“Monty would take Elizabeth to Camillo’s Restaurant, one of his favorite Italian restaurants. They would sit in the back very quietly and talk till the place closed. One night they remained until long after the last customer had left. The owner, Lawton Carver, suddenly got an urge to paint the dining room, so he came over their table and said, ‘you kids just sit there if you want, I’m going to paint.’
“To his surprise, Monty and Elizabeth took of their shoes, picked up brushes and proceeded to paint the walls. They stayed till three in the morning, Carver said. ‘We had an awful good time talking and painting up a storm.’”
- Montgomery Clift, by Patricia Bosworth
i think the only reason i loved my shakespeare class in high school was because i really liked my teacher mr. kazin. he had the cutest guys following him around.
he took us to see 'romeo and juliet' in the theatre and he made it possible for me to understand the plays. over the years all that he taught me went right our the window along with speaking spanish, reading sheet music, and using a sewing machine.
while watching vivien leigh and claude rains in 1945's 'caesar and cleopatra' i felt like they were speaking martian. i could not follow one single plot point. there was nothing to do but give up and simply marvel at the exquisite features of vivien.
as i did in fact once read music and rock out a sewing machine, many things are indeed possible. vivien's glorious self verges on otherwise. how to appreciate beauty is one thing i have not forgotten. crazy fact: she only made 19 films!
Thursday, March 25, 2010
'Playing good girls in the 30s was difficult, when the fad was to play bad girls. Actually I think playing bad girls is a bore; I have always had more luck with good girl roles because they require more from an actress.'- olivia de havilland
now if only i could convince the powers that be to create gloves as perfect as those she is wearing.
gorgeous barbara stanwyck. ain't she the best actress ever?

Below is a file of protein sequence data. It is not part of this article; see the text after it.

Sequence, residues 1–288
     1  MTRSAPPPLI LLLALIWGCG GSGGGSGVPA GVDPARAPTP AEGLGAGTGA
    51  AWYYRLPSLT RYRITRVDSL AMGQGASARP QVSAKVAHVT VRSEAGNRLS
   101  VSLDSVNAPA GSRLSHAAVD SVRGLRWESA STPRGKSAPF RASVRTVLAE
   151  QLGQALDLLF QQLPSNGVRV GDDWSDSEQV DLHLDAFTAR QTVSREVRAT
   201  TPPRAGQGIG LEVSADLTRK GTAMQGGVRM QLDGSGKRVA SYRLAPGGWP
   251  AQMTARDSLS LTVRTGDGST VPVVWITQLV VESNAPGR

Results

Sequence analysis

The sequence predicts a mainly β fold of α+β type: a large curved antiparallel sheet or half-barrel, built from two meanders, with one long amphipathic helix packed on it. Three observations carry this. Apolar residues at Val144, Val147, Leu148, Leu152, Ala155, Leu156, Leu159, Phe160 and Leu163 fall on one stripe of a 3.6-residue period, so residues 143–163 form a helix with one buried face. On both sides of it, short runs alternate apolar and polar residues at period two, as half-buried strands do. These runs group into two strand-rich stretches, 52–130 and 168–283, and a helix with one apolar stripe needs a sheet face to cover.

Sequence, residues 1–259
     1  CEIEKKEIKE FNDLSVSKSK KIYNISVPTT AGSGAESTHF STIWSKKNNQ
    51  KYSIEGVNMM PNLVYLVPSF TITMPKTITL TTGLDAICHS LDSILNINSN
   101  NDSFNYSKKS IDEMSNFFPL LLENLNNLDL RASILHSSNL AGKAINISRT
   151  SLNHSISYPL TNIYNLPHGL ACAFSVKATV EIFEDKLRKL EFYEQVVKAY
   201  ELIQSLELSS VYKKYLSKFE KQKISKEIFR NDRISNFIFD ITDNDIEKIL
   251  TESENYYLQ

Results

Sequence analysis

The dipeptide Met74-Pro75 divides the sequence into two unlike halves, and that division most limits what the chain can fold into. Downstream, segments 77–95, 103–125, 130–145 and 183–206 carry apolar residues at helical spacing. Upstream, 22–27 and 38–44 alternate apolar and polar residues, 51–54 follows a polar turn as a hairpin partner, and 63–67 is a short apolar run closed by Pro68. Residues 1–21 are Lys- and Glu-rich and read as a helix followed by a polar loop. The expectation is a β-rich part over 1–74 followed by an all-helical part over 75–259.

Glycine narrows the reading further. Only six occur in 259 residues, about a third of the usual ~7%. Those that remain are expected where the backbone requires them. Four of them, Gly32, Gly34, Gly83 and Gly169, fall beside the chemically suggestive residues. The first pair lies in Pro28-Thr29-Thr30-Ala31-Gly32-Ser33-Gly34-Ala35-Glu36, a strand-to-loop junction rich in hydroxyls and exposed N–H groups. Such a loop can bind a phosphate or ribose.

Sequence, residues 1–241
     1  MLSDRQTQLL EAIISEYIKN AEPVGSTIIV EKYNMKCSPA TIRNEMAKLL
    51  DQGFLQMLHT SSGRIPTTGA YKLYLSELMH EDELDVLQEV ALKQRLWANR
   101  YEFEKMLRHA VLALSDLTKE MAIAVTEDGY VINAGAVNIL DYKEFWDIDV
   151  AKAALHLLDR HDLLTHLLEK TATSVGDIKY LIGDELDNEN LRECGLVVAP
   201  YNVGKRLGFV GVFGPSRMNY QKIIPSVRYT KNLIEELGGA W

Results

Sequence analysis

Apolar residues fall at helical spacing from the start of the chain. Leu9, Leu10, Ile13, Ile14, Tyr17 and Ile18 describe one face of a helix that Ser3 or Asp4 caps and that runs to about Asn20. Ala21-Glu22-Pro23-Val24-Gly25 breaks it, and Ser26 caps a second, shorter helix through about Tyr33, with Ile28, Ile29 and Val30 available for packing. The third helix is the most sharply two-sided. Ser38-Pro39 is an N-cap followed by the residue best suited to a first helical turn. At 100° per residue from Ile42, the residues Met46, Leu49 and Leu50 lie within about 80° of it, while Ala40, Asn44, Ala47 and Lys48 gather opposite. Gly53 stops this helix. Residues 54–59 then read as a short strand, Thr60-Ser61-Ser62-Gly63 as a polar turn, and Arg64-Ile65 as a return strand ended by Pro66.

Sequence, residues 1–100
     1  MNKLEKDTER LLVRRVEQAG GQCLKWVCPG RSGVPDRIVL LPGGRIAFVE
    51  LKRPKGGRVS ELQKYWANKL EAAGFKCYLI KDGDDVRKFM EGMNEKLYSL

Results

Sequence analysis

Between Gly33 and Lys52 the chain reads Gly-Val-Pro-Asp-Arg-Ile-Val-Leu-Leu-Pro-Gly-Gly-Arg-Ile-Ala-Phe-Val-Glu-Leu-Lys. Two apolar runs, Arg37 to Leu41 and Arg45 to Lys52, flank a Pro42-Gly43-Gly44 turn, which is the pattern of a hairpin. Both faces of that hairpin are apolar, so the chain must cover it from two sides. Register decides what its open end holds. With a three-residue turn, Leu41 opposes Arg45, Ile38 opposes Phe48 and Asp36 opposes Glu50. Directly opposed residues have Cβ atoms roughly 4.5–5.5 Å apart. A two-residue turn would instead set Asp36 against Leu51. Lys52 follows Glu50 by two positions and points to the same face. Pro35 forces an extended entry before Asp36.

Commenting in 1939 on the fact that her fiance, Robert Taylor, at 28, was four years younger than she, which raised eyebrows then, Stanwyck said: "The boy's got a lot to learn and I've got a lot to teach."
photo courtesy 'it's all happening'
walter huston was indeed somebody's dad. john huston's in fact. the great actor made tons of films before going before the camera for his own son in 'the treasure of the sierra madre.' in that classic film walter won an oscar for his role of the wise and weathered miner.
long before that incredible film he starred as somebody's dad in 'dodsworth', a film that is completely satisfying. here he is returning from a trip abroad without his wife but with two necklaces for his onscreen daughter.
Wednesday, March 24, 2010
anton chekov is just the greatest. no matter how grim the setting, how lost the traveler, or how unfortunate the child, chekov never drags my consciousness down. true pathos plants seeds of humanism in my mind when i read chekov. i benefit greatly from his open heart and always feel a better connection to people as a result.
such an impeccable cast but what a drag this play is! i am not an actress so i cannot know how fulfilling it is to do an o'neill piece. as he is one of the most respected playwrights, (compared to chekov, but not by me), i imagine the soul of each character really rises above the circumstances and takes the audience to a place where transcendence of the mundane offers hope. i hope so because not all productions have a cast such as this.
dean stockwell shines as the ailing son.
Tuesday, March 23, 2010
i just found this rare poster on tom sutpen's exceptional blog. one commenter brought to my attention that even though only FOUR people were in this film, the poster only listed THREE! so funny. belated apologies to george segal...
to those who are familiar with the beastly little cinema gem, 'who's afraid of virginia woolf' perhaps they felt a 'houseboy' did not deserve billing.
Monday, March 22, 2010
Thelma: You awake?
Louise: Guess you could call it that, my eyes are open.
Thelma: I'm awake too. I feel awake.
Thelma: I feel really awake. I don't recall ever feeling this awake. You know? Everything looks different now. You feel like that? You feel like you got something to live for now?
Louise: With a couple of margaritas by the sea, mamacita.
Thelma: You know we could change our names.
Louise: To live in a hacienda.
Thelma: I want to get a job, I'll work at Club Med.
Louise: Yeah, what kind of deal can that detective make to top that?
Linus Larrabee: How do you say in French my sister has a yellow pencil?
Sabrina Fairchild: Ma soeur a un crayon jaune.
Linus Larrabee: How do you say my brother has a lovely girl?
Sabrina Fairchild: Mon frère a une gentille petite amie.
Linus Larrabee: And how do you say I wish I were my brother?
from the film 'sabrina.'
'sabrina' stars audrey hepburn and humphrey bogart